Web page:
MAHLER: Symphony No. 7 in e – Tonhalle Orchestra Zurich/ David Zinman – RCA

by | Feb 24, 2010 | SACD & Other Hi-Res Reviews | 0 comments

MAHLER: Symphony No. 7 in e – Tonhalle Orchestra Zurich/ David Zinman – RCA Multichannel SACD 88697 50650, 78:32 ****:

You do have to admire RCA for continuing its Zinman SACD series, and at such a reasonable price as well (they go for about the same price as the Living Stereo releases). While I doubt that this whole series will be the one to collect, there are good performances, sometimes outstanding (as here) and well worth the investment for those needing a second opinion.

Nearly every critic I know maintains the idea that Bernstein owned Mahler’s Seventh. For a long time there was always this critical hash going around about how weak the symphony was, especially its ending. Bernstein put at end to that with his Columbia recording (now on Sony) proving once and for all that the symphony was not at fault (and Mahler thought it one of his best) but the conductor’s. That Sony reading still stands as the best ever done, with his DGG recording a close second. You don’t know this work unless you have heard one of those.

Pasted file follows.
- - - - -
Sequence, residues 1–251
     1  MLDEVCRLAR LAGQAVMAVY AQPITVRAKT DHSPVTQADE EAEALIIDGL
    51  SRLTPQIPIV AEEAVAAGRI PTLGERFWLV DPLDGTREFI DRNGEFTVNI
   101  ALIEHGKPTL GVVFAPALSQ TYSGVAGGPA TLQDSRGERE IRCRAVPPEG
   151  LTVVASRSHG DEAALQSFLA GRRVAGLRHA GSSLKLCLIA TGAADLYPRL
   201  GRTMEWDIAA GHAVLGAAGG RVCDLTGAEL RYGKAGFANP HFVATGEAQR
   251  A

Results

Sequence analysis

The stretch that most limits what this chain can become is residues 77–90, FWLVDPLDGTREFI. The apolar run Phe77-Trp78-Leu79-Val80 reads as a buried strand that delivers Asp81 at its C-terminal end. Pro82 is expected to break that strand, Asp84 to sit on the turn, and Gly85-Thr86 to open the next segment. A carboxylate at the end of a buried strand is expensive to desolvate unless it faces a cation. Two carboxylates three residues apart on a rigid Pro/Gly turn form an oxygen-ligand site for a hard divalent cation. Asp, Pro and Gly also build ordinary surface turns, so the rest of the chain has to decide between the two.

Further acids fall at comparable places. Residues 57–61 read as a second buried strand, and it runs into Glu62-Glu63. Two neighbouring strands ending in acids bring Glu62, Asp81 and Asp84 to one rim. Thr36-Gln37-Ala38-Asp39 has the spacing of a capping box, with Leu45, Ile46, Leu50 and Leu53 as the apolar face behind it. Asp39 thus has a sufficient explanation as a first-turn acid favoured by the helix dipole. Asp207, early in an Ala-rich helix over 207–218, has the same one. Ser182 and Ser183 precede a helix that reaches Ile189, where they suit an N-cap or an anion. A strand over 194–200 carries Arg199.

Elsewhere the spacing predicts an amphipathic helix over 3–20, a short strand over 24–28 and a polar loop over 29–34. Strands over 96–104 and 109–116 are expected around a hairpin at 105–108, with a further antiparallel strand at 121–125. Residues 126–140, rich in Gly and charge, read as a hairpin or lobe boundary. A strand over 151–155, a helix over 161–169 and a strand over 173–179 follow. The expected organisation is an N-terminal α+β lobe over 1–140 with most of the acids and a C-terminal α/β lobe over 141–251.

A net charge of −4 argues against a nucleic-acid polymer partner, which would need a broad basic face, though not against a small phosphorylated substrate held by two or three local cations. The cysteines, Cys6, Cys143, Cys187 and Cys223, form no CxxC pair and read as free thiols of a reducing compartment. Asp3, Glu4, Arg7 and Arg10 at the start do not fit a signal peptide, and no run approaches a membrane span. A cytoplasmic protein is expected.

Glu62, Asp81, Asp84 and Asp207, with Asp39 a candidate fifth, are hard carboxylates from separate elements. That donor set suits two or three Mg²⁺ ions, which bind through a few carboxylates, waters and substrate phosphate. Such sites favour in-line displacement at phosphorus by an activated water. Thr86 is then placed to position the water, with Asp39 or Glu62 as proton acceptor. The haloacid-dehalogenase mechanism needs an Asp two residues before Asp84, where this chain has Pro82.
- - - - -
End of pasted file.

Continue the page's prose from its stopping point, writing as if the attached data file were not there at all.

Bernstein caught the mystery in this work while also giving one of the most effervescent readings of the finale—an opposing contrast to the first movement—and paving the way for the still-remembered darkness of the Sixth to the glorious redemption of the Seventh, the finale of the instrumental “trilogy” of middle Mahler symphonies. Zinman, though in the notes refers to this work as esoterically “dark” doesn’t really take that approach in his reading—I find this one of the brightest and cheeriest versions of the symphony on the market, and well worth hearing.

There is no doubt that Tilson Thomas, both on his stunning RCA reading and his latest SACD San Francisco version has the better orchestra, the more profound orchestral effects that Mahler asks for—and are absolutely essential in this work—and in general has a more spacious soundstage. The Zurich orchestra plays very well but they don’t seem quite as attuned to the Mahler idiom as do the West Coasters. The sound is more up front on this disc that on the Thomas, though there is really nothing to complain about.

This is one of the best of this series so far, and even though I still think that Thomas is going to score the most desirable set when all is finished, I certainly will be keeping this one as well.

— Steven Ritter   

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